This step is not included in the 6 step model which I set out at the start of this series, however during my research I was directed to this post by Steve Armstrong. In it he mentions:
“Assessment and Engagement (<— new stage for assessing the impact of the incident and working with legal and external support staff to develop a per incident response plan)”
[all credit to http://www.crisisplanningroom.com ]
When I read this a little bulb switched on!
This is obviously a vital part of the investigation and try as I may, I couldn’t quite fit it into the other 6 steps. Instead, I would like to be a little bold, and talk about my interpretation of step 2a.
Too often IR teams will burn ahead to ‘resolve’ the incident and get back to normal operations. This is what the customer wants, but not necessarily what the customer needs. In the same way you may want the car mechanic to service your car; that is what you want. What you may need is a new steering column and you trust and listen to the mechanic when they tell you that if it isn’t done something really bad could, and probably will, happen.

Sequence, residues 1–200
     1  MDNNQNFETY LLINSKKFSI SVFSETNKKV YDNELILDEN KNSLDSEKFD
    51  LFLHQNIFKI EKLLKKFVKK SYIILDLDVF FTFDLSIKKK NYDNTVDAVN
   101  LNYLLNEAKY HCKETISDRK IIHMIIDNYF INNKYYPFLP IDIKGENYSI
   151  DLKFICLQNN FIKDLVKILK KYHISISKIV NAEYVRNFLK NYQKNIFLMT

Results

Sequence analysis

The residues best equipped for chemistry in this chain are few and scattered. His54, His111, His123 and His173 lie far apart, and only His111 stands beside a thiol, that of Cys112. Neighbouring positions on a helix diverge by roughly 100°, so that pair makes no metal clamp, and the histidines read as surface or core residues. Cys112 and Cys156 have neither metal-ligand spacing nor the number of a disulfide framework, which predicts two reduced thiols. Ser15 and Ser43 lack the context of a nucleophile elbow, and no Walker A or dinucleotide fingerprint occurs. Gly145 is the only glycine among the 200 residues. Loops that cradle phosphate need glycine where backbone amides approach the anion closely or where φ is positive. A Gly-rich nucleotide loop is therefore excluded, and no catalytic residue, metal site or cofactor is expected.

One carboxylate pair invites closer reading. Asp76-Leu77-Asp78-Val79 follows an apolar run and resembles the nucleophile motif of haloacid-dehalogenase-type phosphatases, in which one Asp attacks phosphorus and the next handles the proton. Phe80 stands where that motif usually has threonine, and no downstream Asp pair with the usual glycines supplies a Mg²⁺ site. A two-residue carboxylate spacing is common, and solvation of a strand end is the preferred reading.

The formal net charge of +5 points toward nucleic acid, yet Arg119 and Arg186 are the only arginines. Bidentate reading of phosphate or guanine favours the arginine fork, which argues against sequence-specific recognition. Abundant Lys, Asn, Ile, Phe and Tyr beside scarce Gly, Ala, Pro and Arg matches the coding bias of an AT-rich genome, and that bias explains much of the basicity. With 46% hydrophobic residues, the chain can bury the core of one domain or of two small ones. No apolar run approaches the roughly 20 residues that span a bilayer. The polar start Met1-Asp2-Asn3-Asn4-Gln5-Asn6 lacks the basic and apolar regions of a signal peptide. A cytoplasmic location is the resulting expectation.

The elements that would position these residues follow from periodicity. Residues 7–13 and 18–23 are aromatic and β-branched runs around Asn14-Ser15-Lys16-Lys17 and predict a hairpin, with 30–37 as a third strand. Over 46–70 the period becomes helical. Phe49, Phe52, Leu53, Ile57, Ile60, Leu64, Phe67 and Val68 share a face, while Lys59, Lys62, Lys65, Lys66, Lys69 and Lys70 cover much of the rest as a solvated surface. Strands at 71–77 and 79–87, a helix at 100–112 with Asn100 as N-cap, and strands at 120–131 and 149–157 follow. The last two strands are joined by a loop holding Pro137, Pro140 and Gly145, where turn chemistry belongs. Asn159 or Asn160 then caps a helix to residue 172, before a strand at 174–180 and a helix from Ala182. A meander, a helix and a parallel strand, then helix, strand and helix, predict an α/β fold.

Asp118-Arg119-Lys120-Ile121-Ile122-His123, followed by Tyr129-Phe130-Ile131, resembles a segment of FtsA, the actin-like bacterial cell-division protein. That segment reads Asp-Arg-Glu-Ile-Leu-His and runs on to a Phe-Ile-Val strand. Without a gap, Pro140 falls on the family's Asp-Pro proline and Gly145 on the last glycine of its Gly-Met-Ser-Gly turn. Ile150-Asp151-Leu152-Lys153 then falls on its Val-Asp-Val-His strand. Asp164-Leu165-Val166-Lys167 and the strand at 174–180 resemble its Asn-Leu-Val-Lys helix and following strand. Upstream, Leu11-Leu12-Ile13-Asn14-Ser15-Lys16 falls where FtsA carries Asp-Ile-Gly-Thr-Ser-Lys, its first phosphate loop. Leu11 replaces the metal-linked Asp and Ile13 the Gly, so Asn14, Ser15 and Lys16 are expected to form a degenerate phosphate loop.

Bringing in external resources can also make the customer feel uneasy, it may be they want to keep this incident quiet until they have a handle on it and their PR staff can put a positive spin on it. The more people who are out of the customers control, who know about this, increases the risk of a leak.
What can we do about that? Be professional! Simple as that; if the people we bring in are also professional, then the customer’s secrets are safe.